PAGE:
Boston Papers Produce Extras On Law’s Resignation

By: Joe Strupp

Updated at 12 noon EST

Boston’s two daily newspapers reacted quickly to Friday’s news that embattled Cardinal Bernard Law had resigned his post as archbishop of Boston, with each paper producing two extra editions that hit the streets within two hours of the announcement from the Vatican.

“We knew this might come down today and we decided yesterday to do it and there was plenty of planning with circulation, production, and promotion,” Boston Globe Editor Martin Baron said Friday morning. The Globe first broke the story last winter that Law had systematically covered up accusations of child molestation by priests for years. “The announcement came at 6 a.m. and we had people here ready to handle it,” Baron said.

The Globe had its first extra edition on the street at 8:30 a.m., according to Baron. It included the regular Friday paper with a new front page. A second extra hit the streets at 9:45 a.m. with two inside pages of news on the resignation.

The Boston Herald‘s first extra edition hit the streets just before 8 a.m., according to Editor Andrew Costello, who said it included six new pages of news that were not in the regular Friday edition. He said the second extra was set to roll off the presses by 10:30 a.m., with eight pages on the Law resignation. “It is an extraordinary event in the Catholic church and in Boston,” Costello said about the decision to run extras. “It is a momentous event for our readers. A lot of families are affected.”

Costello said about 18,000 copies of the first extra were printed, with about 15,000 planned for the second version. The paper’s normal press run is about 290,000, he said. The Globe‘s first extra included about 22,000 copies, with the second offering 20,000. At press time, a third Globe extra was planned for later Friday.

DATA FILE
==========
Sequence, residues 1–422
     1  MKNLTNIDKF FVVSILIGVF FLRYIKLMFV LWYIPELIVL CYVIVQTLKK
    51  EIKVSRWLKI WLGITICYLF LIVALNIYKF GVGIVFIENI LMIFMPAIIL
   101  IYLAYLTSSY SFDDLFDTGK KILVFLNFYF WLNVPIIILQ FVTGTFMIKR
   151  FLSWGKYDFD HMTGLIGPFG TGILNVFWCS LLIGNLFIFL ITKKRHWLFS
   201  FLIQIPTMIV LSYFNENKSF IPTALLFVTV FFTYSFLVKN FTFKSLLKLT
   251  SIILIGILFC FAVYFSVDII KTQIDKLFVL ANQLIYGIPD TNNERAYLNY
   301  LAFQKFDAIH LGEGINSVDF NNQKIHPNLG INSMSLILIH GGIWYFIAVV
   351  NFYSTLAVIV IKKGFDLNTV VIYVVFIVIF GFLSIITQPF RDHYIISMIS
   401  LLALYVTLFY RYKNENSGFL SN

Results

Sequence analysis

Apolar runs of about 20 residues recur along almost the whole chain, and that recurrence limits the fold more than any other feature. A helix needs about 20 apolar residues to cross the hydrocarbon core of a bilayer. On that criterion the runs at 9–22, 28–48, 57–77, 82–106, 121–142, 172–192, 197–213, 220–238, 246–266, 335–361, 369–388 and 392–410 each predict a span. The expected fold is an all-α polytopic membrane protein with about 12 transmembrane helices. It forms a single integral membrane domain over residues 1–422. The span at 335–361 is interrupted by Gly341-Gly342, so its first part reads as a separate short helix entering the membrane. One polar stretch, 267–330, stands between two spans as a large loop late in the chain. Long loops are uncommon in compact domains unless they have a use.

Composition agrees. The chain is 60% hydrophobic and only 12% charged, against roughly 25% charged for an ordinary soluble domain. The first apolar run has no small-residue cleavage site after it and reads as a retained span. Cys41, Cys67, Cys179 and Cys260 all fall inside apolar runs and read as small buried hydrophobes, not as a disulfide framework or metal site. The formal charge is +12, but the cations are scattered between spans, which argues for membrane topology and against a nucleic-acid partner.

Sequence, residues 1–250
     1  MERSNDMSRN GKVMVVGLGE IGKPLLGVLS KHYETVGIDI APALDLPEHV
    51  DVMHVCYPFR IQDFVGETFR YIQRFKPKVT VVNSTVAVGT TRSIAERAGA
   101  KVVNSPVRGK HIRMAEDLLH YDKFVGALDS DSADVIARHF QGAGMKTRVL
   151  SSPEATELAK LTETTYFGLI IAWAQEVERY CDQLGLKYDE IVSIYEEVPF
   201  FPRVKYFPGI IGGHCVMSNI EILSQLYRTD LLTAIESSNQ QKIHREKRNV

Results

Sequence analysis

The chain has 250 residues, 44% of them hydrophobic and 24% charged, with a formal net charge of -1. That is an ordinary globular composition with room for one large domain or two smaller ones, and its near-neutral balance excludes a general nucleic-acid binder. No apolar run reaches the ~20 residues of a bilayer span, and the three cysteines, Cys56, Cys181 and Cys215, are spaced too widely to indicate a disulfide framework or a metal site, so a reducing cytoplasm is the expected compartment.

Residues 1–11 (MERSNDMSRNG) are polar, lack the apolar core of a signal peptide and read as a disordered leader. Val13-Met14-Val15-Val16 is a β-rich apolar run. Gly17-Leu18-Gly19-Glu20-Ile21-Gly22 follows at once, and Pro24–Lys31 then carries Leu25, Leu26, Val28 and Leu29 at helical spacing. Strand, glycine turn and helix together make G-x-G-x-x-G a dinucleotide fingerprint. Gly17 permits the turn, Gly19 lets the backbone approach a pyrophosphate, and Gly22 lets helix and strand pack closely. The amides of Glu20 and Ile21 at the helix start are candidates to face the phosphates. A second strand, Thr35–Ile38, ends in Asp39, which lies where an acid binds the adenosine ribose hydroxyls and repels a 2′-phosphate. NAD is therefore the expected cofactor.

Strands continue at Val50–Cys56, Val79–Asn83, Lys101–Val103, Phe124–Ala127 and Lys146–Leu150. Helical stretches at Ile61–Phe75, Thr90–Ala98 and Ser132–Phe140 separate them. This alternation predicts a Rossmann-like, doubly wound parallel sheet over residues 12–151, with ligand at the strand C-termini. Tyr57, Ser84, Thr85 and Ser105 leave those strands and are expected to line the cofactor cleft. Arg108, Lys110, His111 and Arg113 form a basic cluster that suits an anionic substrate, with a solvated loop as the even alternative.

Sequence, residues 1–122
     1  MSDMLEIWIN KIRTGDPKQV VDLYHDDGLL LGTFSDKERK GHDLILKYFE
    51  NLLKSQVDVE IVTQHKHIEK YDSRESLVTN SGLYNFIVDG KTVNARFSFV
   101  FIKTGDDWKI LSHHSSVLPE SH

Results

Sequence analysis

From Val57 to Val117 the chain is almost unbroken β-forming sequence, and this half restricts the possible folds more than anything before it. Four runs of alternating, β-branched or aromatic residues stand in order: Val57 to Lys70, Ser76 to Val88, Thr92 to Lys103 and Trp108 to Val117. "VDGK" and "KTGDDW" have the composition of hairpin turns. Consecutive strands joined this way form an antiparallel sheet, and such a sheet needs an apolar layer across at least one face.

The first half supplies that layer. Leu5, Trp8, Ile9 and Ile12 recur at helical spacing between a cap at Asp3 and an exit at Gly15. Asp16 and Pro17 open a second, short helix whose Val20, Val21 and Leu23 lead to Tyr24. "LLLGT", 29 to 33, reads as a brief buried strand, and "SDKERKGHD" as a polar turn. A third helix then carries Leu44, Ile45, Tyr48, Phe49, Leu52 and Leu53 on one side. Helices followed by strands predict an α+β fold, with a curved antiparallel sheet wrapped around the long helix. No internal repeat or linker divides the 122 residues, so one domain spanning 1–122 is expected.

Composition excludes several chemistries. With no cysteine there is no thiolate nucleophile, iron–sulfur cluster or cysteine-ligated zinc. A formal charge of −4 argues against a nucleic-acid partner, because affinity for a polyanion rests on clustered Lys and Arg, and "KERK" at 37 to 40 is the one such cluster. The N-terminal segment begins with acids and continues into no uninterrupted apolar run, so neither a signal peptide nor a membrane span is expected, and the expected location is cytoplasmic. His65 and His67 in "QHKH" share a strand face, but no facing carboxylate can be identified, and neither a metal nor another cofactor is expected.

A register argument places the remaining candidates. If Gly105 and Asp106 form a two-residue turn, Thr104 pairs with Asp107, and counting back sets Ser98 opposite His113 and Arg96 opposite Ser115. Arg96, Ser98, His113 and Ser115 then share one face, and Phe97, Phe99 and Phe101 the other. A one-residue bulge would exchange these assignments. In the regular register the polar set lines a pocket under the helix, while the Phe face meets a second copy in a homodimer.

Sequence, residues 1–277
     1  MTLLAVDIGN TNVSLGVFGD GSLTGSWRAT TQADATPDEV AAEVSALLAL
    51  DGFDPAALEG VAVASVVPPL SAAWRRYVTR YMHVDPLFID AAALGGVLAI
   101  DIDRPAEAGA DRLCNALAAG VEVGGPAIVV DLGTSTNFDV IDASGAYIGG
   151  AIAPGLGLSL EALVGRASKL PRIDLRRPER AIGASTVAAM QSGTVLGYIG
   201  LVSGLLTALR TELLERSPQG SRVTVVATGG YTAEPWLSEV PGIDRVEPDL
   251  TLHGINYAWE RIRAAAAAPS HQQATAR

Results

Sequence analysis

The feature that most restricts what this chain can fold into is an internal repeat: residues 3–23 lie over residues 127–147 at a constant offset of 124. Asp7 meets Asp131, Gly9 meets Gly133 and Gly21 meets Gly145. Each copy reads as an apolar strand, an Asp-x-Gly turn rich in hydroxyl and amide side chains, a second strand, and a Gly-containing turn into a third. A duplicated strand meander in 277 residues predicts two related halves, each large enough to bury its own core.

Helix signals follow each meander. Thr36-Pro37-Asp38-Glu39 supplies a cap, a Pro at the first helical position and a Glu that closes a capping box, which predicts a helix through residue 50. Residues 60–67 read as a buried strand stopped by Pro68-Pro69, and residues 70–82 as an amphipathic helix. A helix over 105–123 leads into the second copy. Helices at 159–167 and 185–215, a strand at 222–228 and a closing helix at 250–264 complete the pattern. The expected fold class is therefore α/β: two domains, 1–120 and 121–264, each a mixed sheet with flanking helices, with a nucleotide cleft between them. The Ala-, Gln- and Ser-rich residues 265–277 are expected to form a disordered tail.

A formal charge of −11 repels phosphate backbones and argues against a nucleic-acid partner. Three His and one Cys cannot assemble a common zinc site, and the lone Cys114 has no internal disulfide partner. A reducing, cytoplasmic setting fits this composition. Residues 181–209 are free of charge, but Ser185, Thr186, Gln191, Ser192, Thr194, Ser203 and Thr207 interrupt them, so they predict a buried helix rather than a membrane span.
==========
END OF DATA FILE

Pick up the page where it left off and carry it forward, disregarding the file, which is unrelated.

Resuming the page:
Although both the Herald and Globe have covered the Catholic Church crisis in Boston closely, the Globe has been credited with leading the charge after suing in late 2001 for access to documents from dozens of lawsuits against the Boston Archdiocese by plaintiffs accusing priests of child molestation. The Globe eventually produced a book compiling its investigative work that is among the strong contenders for a Pulitzer Prize.

The Herald was the first of the two papers to editorialize in favor of Law stepping down, which the Globe did later.

“Bringing down the cardinal is not what the Globe set out to do,” said Walter Robinson, editor of the newspaper’s investigative team. “It would be wrong to say there is any satisfaction in the cardinal resigning. Our satisfaction is that we did what we were supposed to do.”

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